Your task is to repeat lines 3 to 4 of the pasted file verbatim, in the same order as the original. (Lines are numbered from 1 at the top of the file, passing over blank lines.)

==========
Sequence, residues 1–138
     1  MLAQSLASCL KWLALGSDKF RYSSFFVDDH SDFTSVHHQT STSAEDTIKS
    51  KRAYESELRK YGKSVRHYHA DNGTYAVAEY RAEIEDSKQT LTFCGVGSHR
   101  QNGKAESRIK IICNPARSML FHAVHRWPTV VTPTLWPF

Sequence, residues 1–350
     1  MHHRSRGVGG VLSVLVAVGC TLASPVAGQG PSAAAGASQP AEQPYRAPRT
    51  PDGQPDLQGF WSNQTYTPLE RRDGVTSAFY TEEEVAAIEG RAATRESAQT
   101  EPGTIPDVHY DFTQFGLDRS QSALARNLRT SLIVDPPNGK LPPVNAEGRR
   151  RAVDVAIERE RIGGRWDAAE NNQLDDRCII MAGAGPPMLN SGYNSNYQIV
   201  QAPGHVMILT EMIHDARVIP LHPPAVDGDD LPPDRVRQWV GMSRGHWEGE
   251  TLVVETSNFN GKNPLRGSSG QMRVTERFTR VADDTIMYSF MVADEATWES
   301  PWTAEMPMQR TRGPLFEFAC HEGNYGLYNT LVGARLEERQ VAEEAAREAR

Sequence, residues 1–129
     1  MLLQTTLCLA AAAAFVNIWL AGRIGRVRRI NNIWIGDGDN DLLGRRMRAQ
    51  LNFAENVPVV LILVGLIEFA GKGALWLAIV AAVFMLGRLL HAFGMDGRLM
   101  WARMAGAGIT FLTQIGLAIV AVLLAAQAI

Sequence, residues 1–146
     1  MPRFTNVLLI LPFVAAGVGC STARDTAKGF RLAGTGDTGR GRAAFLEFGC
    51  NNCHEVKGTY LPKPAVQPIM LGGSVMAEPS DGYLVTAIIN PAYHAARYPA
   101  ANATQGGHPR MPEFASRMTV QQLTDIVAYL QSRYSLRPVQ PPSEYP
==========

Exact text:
    51  KRAYESELRK YGKSVRHYHA DNGTYAVAEY RAEIEDSKQT LTFCGVGSHR
   101  QNGKAESRIK IICNPARSML FHAVHRWPTV VTPTLWPF